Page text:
Skip to comments.Heinz profit falls 23%
Posted on 02/28/2006 11:08:01 AM PST by new yorker 77
Ketchup maker H.J. Heinz Co. (NYSE:HNZ - news) on Tuesday posted a 23 percent drop in net profit, and fell short of Wall Street estimates, as its tax rate rose and the stronger dollar cut into the value of overseas sales.
Analysts said part of the earnings miss was because some operations that were reclassified by the company as discontinued had been classified as ongoing operations by analysts when they made their estimates.
"At least part of the apparent miss was due to the sale of businesses in Europe, as Heinz streamlines its operations there -- a plan that we like," Edgar Roesch, analyst at Bank of America Equity Research, said in a research note. He rates Heinz shares "buy."
The company is in the process of selling parts of its European business in order to improve profitability in that region. It saw sales volume declines in its Italian baby food business and frozen food business in Britain.
Heinz shares rose 5 cents to $37.65 in morning trade on the New York Stock Exchange, after falling as much as 2.6 percent earlier.
Net profit fell to $116.6 million, or 35 cents a share, for the fiscal third quarter ended January 25, from $152.4 million, or 43 cents a share, a year earlier.
Excluding one-time items, earnings from continuing operations were 50 cents a share, the company said. Analysts on average forecast earnings 56 cents a share, according to Reuters Estimates.
Sales rose 5.7 percent to $2.19 billion, driven mainly by acquisitions. Excluding the impact of foreign exchange rates, sales were up 9.4 percent. Analysts on average had forecast sales of $2.37 billion.
Based on volume, which factors out currency and price fluctuations, sales rose 2.9 percent, driven by the North American consumer products business and the Australian and UK businesses.
The company's European seafood business, which Heinz agreed last week to sell to Lehman Brothers Merchant Banking for 425 million euros, and the Tegel poultry business, which Heinz has also agreed to sell, were both included as discontinued operations.
The company said it is still looking to sell other businesses and is looking for ways to maximize shareholder value in its European frozen foods business.
Heinz's effective tax rate in the quarter rose to 35.5 percent, compared with 22.3 percent in the year-earlier quarter. Heinz said it continue to expect an effective tax rate for the fiscal year of 30 percent to 31 percent.
Heinz stood by its forecast for a 6 percent to 8 percent increase in fiscal 2007 earnings from pro forma 2006 earnings of $2.10 to $2.16, with sales up 3 percent to 4 percent.
Heading into Tuesday, Heinz shares traded at about 16 times estimated 2006 earnings, compared with a multiple of 17 for the Dow Jones U.S. Food Producers Index. (^DJUSFO - news).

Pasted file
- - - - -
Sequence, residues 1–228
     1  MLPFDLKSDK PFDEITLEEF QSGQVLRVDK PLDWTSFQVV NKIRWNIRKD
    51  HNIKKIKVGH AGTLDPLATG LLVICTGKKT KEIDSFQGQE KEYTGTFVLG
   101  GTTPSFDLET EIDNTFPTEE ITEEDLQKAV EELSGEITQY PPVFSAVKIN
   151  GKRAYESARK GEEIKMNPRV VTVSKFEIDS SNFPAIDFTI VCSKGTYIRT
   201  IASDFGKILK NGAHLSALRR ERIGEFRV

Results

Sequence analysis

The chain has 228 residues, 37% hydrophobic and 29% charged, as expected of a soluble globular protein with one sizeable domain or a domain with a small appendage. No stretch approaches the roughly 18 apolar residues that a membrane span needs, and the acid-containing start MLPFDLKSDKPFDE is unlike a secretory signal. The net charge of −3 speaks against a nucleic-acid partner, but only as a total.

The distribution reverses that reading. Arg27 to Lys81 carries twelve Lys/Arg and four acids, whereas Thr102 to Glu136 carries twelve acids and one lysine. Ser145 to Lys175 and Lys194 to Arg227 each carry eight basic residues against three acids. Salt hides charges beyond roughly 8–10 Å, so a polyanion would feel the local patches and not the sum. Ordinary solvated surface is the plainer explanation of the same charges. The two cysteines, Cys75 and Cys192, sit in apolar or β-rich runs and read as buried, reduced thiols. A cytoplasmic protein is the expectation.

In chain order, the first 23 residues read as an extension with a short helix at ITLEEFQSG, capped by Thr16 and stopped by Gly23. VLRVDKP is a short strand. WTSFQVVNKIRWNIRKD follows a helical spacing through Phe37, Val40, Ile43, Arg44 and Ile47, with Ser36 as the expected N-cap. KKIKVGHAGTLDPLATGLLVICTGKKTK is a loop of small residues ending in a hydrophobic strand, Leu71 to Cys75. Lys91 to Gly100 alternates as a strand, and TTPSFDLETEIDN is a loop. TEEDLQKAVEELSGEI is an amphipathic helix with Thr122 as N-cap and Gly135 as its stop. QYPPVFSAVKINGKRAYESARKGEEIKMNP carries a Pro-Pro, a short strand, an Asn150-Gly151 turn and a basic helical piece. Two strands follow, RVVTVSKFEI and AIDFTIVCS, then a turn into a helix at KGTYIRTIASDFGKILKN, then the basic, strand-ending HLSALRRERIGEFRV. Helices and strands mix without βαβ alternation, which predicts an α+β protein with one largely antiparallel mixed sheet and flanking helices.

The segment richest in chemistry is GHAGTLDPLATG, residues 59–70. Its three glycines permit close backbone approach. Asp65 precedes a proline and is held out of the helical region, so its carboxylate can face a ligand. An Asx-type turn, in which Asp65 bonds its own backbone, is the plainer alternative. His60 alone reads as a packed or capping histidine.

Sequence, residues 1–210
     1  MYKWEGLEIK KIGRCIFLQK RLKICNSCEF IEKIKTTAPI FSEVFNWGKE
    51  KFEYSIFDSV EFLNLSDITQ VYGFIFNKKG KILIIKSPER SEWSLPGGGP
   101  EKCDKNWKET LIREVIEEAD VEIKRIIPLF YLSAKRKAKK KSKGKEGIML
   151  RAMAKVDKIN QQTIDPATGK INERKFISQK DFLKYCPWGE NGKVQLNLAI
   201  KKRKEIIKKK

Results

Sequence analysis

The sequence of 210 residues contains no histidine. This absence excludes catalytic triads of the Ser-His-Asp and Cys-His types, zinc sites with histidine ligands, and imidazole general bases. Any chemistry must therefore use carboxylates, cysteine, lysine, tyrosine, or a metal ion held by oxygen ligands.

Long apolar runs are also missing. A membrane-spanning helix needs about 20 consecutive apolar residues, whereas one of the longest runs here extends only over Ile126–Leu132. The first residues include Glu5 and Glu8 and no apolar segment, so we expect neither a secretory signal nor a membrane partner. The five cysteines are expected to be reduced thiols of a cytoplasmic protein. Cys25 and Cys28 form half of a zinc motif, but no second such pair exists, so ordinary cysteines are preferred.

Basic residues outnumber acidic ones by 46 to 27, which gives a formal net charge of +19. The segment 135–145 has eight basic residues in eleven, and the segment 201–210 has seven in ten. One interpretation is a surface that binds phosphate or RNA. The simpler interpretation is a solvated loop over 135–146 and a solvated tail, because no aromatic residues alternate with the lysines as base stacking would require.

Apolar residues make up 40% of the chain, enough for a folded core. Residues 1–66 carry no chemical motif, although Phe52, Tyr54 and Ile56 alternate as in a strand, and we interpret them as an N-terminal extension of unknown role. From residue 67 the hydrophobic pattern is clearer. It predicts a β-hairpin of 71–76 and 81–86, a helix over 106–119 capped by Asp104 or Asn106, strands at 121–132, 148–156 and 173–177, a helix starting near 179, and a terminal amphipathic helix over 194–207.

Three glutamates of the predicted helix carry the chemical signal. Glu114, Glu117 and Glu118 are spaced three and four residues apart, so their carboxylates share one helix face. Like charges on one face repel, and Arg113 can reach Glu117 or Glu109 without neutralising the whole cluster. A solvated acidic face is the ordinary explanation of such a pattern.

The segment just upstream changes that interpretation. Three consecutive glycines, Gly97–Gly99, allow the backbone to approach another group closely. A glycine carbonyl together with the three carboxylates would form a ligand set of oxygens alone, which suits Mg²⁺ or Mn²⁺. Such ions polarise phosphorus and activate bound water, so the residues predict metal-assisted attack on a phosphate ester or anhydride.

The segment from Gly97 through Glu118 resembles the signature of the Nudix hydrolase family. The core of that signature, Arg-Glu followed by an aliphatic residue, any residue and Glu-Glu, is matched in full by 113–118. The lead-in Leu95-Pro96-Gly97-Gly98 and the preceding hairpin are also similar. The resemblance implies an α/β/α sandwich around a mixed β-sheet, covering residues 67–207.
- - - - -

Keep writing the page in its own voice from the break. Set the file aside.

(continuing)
The stock rallied 10 percent between February 6 and February 23, boosted by talk that billionaire investor Nelson Peltz could challenge the company's management in a proxy fight.
The deadline for filing a proxy motion is Saturday, Heinz Chairman and Chief Executive William Johnson said. He declined to say if he had spoken directly with Peltz.
"We're always prepared and willing, pleased to meet with shareholders." Johnson said in response to an analyst's question during a conference call.
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They can try to distance themselves from that squaw, but the kids are just as bad.
I am a Hunt's ketchup, et al, buyer now.
"net profit...fell short."
Catch up. Get it. Ketchup.
Here I thought it was because of te-RAY-za skerry.
Wish I could say the same. I've always liked and bought Heinz ketchup. It's the only brand that I buy. However, I do water it down to make it last longer so that I don't have to give the company more money.
Means the gigolo will be hunting for his next meal ticket.
Arafats wife is now single and loaded. They are perfect together.
We stopped buying Heinz.
Would've been funnier if it has fallen 57%
Would've been funnier if it had fallen 57%
We stopped buying Heinz.
So did we -- guess a lot more people did, too!
Unfortunately, this won't hurt Kerry or Terrayzza at all. They'll just fire some workers or sell off some of the business. Gotta keep those SUV's in gas.
NONE of my family will ever buy another heinz product EVER!
Porr Mrs. Kerry will have to use Beefeaters Gin rather than Tanquery or Bombay Saphire to soak her white raisins.
So your Heinz Ketchup tastes just like the Heinz in restaurants?
Isn't one of dizzy tizzy's son's running for elective office in Pennsylvania?
Seems to me their losses were mainly in the European sector, possibly due to many coalition member nations that didn't like Kerry's attacks on President Bush.
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